I haven't really done anything the past few days except sit around and write. When I mentioned that I hadn't posted anything on Rough Edges lately, my daughter commented in that sarcastic way that all daughters have, "But there are probably people out there waiting anxiously to see how many pages you did today!"
So in answer to that . . . 17. Now on to more interesting things.
"Forgotten author" is a term that gets thrown around a lot. Usually it's not completely true. Even the most obscure authors have a few fans left here and there. But some are almost forgotten, and sometimes undeservedly so. Lately I've been reading stories by Leland Jamieson, who was published frequently in BLUE BOOK and THE SATURDAY EVENING POST during the Thirties and Forties. My friend Peter Ruber recommended Jamieson to me, and I'm glad he did. Jamieson, who was also a pilot, wrote aviation stories, naturally enough. Some are fast-moving adventure yarns, some are more serious character studies, but so far, all of them I've read have been excellent. A search on ABE ( www.abebooks.com ) turns up three novels by Jamieson: ATTACK!, HIGH FRONTIER, and G-MEN ON MURDER ISLAND (a pulp title if ever there was one!). I haven't ordered any of them yet, but I'm thinking about it, especially ATTACK!, which according to the listings is about an aircraft carrier. I've been very interested in carriers since visiting the U.S.S. Lexington twice in Corpus Christi, where it's permanently docked and now serves as a museum, and since writing quite a bit about them in a couple of my World War II novels. I think Jamieson would qualify as a mostly forgotten author, but from what I've seen so far his work is worth searching out, especially for anyone with an interest in aviation during the Thirties and Forties.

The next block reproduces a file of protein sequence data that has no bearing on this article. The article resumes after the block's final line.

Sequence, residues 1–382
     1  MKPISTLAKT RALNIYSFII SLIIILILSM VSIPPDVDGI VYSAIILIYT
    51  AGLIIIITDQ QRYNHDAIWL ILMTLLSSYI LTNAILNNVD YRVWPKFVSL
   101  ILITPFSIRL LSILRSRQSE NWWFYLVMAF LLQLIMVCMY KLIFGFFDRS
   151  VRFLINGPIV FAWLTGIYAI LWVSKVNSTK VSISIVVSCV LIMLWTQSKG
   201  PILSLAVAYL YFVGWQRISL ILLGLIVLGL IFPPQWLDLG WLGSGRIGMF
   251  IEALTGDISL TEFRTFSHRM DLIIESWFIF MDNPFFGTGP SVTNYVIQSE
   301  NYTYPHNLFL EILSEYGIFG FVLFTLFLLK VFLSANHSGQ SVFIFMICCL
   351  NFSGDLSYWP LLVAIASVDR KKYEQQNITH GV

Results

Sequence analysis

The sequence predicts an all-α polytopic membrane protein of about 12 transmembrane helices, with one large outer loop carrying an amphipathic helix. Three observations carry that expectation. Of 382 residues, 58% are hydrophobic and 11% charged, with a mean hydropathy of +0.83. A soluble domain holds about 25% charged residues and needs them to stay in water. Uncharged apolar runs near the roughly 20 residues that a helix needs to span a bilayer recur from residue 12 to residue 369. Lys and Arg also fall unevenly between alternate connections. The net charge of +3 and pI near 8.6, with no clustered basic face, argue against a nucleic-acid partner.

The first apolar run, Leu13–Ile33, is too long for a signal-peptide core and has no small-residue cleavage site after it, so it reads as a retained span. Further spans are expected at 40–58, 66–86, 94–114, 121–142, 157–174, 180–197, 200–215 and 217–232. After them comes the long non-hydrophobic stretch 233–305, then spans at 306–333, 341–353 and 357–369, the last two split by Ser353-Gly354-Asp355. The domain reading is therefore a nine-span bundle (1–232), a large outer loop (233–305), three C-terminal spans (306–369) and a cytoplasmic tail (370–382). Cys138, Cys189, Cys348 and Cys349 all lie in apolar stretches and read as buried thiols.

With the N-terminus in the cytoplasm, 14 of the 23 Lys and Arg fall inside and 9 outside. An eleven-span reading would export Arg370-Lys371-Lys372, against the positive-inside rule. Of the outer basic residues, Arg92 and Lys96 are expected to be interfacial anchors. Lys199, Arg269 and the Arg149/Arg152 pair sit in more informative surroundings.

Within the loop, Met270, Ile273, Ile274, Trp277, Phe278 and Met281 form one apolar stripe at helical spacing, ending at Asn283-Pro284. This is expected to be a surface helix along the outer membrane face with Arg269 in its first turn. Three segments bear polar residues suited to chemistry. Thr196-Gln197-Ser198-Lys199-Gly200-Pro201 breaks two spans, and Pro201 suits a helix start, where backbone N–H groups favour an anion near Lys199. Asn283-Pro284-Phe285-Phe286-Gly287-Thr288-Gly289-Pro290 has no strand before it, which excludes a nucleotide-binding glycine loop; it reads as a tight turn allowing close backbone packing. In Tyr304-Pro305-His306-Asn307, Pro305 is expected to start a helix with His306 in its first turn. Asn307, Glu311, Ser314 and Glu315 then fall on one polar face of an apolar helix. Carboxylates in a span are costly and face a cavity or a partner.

We watched the DVD of 13 GOING ON 30 tonight. It's a sweet little movie (we watch a lot of sweet little movies in our house) with a couple of fairly large plot holes. Of course, any movie with Jennifer Garner in it is worth watching, at least where I'm concerned. Heck, I even liked the almost universally reviled DAREDEVIL.
My dad's improvement continues to surprise the rest of the family. Having a professional caregiver around has made a lot of difference. Of course, he's still 88, but we'll take all the good news we can get.